TEAMWORK II is a dog training manual written for people with disabilities to be able to train their own dogs to assist them in their daily lives TEAMWORK I teaches basic obedience canine behavior This edition of TEAMWORK II which as been revised and expanded, teaches the service exercises, such as retrieving dropped objects, turning on lights, pulling a wheelchair, etc Both TEAMWORK I and TEAMWORK II contain lots of color photographs and personal anecdotes along with the step by step instructions written in a clear and simple to understand format....
|Title||:||Teamwork II: A Dog Training Manual for People with Disabilities|
|Publisher||:||Top Dog Publications Revised Expanded 2010 edition July 1, 2010|
|Number of Pages||:||154 pages|
|File Size||:||692 KB|
|Status||:||Available For Download|
|Last checked||:||21 Minutes ago!|
Teamwork II: A Dog Training Manual for People with Disabilities Reviews
I'm about halfway through this book and really enjoying it so far. It is a very easy to read book with practical strategies for training your own dog to be a service dog. The photos and short stories about real people are helpful and fun as well. The strategies presented are practical, positive, and logical. The authors typically present more than one method for every task, and always present options for people who can walk, use a manual wheelchair, or use a power wheelchair so you can just read the section that applies to you (although I often read more just because). Our dog is doing very well with his training and has mastered all of the commands in the first book (Teamwork I) and many of the commands in this book including "under" (going under a table, such as in a restaurant) and "paws" (putting his paws up on a surface so he can learn to complete tasks on two legs).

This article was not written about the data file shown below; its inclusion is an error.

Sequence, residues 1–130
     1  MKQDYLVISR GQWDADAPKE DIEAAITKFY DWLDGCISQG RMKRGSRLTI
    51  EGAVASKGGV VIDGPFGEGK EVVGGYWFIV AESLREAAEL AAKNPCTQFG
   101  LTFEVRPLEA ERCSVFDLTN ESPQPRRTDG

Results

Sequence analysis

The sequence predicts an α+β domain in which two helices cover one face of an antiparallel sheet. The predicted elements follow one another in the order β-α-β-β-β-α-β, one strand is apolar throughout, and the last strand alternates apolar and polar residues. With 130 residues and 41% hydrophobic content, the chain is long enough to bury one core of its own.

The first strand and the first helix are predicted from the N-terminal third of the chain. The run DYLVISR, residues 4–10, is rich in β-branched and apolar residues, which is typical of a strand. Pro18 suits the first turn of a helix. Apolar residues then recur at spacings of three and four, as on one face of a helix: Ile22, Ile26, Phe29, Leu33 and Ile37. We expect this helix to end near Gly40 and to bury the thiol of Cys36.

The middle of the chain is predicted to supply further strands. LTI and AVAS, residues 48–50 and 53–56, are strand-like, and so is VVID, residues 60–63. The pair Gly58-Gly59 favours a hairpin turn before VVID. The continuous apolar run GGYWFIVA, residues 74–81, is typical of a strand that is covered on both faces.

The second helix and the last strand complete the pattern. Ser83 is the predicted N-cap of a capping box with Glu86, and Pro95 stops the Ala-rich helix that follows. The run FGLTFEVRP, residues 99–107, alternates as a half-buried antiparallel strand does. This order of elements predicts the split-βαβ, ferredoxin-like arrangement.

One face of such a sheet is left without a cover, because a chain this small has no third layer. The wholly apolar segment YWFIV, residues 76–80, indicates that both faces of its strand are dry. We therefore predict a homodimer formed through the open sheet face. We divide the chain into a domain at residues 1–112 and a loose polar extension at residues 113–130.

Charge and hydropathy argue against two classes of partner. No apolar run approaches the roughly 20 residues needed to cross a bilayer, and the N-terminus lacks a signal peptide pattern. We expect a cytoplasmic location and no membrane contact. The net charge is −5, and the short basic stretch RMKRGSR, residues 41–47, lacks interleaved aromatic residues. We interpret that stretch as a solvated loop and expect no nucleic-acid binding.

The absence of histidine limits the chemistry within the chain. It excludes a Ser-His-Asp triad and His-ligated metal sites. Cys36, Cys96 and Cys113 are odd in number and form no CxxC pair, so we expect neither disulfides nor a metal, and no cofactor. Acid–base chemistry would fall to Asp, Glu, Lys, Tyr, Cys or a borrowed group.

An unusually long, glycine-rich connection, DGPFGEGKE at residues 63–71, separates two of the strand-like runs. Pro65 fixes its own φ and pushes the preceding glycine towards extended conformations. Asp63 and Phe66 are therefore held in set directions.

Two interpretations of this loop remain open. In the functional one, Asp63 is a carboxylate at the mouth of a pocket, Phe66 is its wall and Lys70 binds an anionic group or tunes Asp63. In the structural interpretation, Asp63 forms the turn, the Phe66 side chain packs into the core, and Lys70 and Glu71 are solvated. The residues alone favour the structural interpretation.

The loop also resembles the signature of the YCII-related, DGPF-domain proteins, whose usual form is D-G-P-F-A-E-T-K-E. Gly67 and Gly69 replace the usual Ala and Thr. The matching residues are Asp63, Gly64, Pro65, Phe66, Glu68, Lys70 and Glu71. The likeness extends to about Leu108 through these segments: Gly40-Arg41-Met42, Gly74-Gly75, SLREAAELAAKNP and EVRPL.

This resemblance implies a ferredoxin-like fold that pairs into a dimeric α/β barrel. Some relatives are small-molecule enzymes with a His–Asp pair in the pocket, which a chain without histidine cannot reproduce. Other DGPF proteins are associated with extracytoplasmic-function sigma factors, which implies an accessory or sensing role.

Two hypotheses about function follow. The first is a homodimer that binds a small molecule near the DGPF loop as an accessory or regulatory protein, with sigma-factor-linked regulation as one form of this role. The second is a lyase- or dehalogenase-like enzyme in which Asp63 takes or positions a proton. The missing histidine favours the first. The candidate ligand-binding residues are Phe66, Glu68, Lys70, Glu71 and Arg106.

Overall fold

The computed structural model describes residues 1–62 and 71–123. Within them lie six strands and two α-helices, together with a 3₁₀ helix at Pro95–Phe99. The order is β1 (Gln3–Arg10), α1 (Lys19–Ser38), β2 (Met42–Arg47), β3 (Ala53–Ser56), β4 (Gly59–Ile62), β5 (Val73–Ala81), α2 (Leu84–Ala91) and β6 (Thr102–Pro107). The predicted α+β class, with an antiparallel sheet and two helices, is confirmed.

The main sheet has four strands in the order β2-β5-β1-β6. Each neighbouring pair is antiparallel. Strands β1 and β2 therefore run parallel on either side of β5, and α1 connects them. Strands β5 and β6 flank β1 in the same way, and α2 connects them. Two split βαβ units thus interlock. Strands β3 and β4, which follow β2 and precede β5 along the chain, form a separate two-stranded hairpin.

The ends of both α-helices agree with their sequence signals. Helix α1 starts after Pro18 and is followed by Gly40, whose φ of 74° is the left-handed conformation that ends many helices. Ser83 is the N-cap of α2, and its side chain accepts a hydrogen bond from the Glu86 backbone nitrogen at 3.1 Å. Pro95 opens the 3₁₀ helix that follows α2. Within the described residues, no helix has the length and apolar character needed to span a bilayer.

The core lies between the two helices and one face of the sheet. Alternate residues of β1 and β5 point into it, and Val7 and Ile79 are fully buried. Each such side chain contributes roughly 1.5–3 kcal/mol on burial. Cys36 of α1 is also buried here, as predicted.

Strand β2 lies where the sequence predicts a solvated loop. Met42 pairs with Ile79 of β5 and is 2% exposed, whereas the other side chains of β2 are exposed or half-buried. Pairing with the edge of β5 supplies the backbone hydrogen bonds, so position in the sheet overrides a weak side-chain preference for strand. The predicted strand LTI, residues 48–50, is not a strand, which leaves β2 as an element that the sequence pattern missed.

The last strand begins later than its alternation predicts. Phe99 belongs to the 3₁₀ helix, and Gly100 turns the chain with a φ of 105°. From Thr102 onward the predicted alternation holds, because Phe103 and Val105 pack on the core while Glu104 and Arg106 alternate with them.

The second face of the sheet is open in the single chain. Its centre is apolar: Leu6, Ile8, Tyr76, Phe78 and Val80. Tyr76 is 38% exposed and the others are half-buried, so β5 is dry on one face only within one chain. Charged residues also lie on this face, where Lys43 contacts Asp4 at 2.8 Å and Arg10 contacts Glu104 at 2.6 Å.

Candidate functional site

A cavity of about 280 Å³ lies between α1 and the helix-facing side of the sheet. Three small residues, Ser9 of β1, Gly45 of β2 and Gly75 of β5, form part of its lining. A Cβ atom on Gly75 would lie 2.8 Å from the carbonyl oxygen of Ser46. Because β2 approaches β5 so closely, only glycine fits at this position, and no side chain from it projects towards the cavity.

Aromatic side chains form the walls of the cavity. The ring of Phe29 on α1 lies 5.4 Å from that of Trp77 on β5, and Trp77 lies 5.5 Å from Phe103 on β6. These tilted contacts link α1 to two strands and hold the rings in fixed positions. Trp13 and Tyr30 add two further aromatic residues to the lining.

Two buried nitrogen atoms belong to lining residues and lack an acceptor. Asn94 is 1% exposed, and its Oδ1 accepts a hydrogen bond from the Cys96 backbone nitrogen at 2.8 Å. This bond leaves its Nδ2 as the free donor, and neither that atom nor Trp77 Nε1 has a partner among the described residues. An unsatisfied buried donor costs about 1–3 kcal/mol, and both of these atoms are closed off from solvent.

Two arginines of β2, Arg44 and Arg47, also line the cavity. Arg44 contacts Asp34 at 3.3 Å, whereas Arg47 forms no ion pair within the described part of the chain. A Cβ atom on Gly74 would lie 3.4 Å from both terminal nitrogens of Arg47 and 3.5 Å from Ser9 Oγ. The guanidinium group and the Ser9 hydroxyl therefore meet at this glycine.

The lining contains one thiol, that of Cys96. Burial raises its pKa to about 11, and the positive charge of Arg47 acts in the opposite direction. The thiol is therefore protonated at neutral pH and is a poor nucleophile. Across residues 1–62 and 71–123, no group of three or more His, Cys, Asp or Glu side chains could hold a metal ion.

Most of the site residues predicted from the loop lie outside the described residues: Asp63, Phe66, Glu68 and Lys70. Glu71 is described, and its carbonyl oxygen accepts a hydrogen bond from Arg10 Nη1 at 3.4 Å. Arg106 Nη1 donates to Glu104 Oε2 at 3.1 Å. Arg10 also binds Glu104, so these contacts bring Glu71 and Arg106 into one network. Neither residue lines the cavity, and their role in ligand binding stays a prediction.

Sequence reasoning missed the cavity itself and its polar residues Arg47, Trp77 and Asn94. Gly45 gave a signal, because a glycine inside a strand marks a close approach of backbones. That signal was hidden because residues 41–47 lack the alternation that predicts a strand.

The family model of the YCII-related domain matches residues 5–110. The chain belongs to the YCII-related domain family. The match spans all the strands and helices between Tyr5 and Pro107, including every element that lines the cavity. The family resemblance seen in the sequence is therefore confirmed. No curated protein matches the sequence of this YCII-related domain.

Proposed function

This book was recommended by the Facebook group Owner Trained Service Dogs (OTSD). I had already inter-library loaned it and it was much better than all the other dog training books which are geared for "able bodied" persons. The Teamwork 1 and 2 books were written by handicapped people, and written specifically for the handicapped person trying to train their dog in basic obedience and then the second book: Teamwork 2 explains how to train your dog to do service dog type tasks. All other dog training books fall short compared to the Teamwork books.
Great book. Love the positive reward with firmness philosophy. Has been very helpful training my dog despite my disabilities. My old methods weren't working with my limited mobility.
I read this several times before adopting a dog to be my service animal. The author is disabled and trained his own dog. Lots of good information here for any dog owner. I used a lot of his tips to train my service dog. Ever wonder how a blind person knows when to clean up after their dog? So did I! How do you get your dog to "go" on command? Now I know! Using this book, I've trained my dog to go get any family member on command, and to bring that person to me. Very helpful if I'm sick or if I've fallen.
With the cost of a service dog starting at the 16 to 20 grand mark depending on needs it was well out of reach for us. We live on a fixed income and my husband even after several surgeries has mobility issues. Difficulty in bending, poor coordination etc. With the help of this and team work 1 book. I was able to train a golden retriever to help him up from falls, to help him up from chairs, to pick up anything dropped and to get him help if needed. ADA laws allow service dogs to be trained by private individuals and at the cost of an already trained dog, it is a blessing to have books like teamwork to help you to train a qualified dog for the needed job.
The Teamwork Dog Training Manual II is well written & easy to understand & learn from. You can learn how to train your dog for almost any type of disability that doesn't require special training like for example for the blind. I bought this book to help train my son's dog to be calmer & a therapy dog for my son who has different disabilities. I am very happy with the book & learned a lot & now he has a calm, well balanced therapy dog.
Every dog is an individual, and no disabled person, even if they have the same condition as their identical twin, will be alike enough to need the exact same things from their dog. This is one reason training your own dog is ideal.
this book is easy to follow and gives you plenty of ideas of how to get your point across to your dog It does repeat some of the things covered in Book 1, but I suggest you read Book 1 first. You really need to know the basics and teaching methods to continue with Book 2.. It is very well laid out, like the first one and I enjoyed it and learned very much... Thank You Stewart Nordensson and Lydia Kelley for all your hard work putting this together...